It’s been a while since I’ve written about what I had been calling “The Great Ventilation Debate” back when Joe Lstiburek was battling the ASHRAE 62.2 residential ventilation committee. The 62.2 committee meets in person twice a year at the two ASHRAE conferences, and they just met last Friday and Saturday in Houston, Texas.
A few things have happened over the past few years, so let me give you a brief update.
Back in 2013 when Dr. Lstiburek introduced what he called his ventilation standard, BSC-01, the 62.2 committee had just removed the default infiltration credit for homes, which resulted in higher ventilation for most new homes that had to meet strict airtightness codes. Lstiburek’s rates were based on the 2010 version of the 62.2 standard, with credits for reducing the rates further for ventilation systems that were balanced, distributed, and mixed.
After the big debate at the 2014 Affordable Comfort conference in Detroit, Lstiburek rejoined the 62.2 committee. In 2013, they had proposals to adopt something very similar to BSC-01, but they didn’t pass. The following year, a new proposal to lower the ventilation rates (but not as much) in the 62.2 standard was voted on, and it, too, failed.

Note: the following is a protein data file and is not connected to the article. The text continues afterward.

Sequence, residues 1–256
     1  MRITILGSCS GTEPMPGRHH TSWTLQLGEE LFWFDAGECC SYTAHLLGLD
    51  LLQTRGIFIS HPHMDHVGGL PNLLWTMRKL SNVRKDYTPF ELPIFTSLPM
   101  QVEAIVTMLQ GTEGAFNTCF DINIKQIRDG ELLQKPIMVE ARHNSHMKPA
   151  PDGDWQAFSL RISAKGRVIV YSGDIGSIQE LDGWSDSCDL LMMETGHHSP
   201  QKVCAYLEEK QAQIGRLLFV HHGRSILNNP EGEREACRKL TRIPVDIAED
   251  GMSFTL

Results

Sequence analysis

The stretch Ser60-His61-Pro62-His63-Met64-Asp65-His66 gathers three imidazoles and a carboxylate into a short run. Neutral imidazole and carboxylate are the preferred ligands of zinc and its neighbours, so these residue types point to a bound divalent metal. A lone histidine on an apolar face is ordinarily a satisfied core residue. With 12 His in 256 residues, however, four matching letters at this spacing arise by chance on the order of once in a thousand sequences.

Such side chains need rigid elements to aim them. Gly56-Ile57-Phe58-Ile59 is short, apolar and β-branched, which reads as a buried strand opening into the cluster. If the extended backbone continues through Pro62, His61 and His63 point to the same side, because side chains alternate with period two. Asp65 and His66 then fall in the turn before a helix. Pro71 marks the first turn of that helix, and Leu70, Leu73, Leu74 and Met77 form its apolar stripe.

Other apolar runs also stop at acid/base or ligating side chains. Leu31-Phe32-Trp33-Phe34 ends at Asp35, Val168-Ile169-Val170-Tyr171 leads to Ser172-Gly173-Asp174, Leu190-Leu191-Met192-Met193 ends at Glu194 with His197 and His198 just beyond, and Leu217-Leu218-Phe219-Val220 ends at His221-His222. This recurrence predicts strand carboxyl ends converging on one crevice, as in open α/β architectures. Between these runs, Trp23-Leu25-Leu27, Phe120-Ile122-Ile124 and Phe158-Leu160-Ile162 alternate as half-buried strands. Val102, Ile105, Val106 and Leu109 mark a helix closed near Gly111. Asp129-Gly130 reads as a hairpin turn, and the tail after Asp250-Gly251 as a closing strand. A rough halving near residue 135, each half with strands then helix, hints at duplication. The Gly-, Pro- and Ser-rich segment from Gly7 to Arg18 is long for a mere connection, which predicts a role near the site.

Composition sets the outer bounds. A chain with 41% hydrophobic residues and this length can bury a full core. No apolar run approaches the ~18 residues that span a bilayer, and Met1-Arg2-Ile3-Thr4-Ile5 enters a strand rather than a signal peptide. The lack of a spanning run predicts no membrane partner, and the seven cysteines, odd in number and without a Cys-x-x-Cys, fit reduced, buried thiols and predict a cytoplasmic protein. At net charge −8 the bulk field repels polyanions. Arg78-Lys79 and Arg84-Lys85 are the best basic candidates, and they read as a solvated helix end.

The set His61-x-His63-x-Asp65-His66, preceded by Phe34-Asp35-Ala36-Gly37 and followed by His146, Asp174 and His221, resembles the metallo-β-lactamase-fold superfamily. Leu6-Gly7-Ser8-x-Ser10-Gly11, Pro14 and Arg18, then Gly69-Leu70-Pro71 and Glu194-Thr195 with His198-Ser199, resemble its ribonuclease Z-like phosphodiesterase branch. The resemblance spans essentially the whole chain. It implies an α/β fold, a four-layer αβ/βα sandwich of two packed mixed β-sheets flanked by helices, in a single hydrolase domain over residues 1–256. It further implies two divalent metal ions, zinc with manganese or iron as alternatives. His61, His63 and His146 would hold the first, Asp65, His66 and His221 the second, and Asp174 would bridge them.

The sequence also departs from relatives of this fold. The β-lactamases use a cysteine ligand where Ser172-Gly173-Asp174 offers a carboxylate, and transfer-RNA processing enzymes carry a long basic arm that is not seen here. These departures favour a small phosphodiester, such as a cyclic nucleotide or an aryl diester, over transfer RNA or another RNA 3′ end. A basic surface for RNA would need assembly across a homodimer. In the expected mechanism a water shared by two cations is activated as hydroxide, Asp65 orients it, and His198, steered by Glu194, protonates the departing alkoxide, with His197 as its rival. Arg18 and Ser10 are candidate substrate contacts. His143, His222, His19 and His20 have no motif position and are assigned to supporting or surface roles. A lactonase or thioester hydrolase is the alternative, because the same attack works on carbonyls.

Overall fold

So the rates specified in the 62.2 standard are pretty much the same as they’ve been since the 2013 version of the standard dropped the default infiltration credit. A home needs 7.5 cfm per person (with number of people defined as number of bedrooms plus one) and 3 cfm per 100 square feet of conditioned floor area. That’s the total. The amount you have to add can be less if you do a blower door test and take the infiltration credit (not to be confused with the default infiltration credit mentioned above).
Ventilation in the International Residential Code
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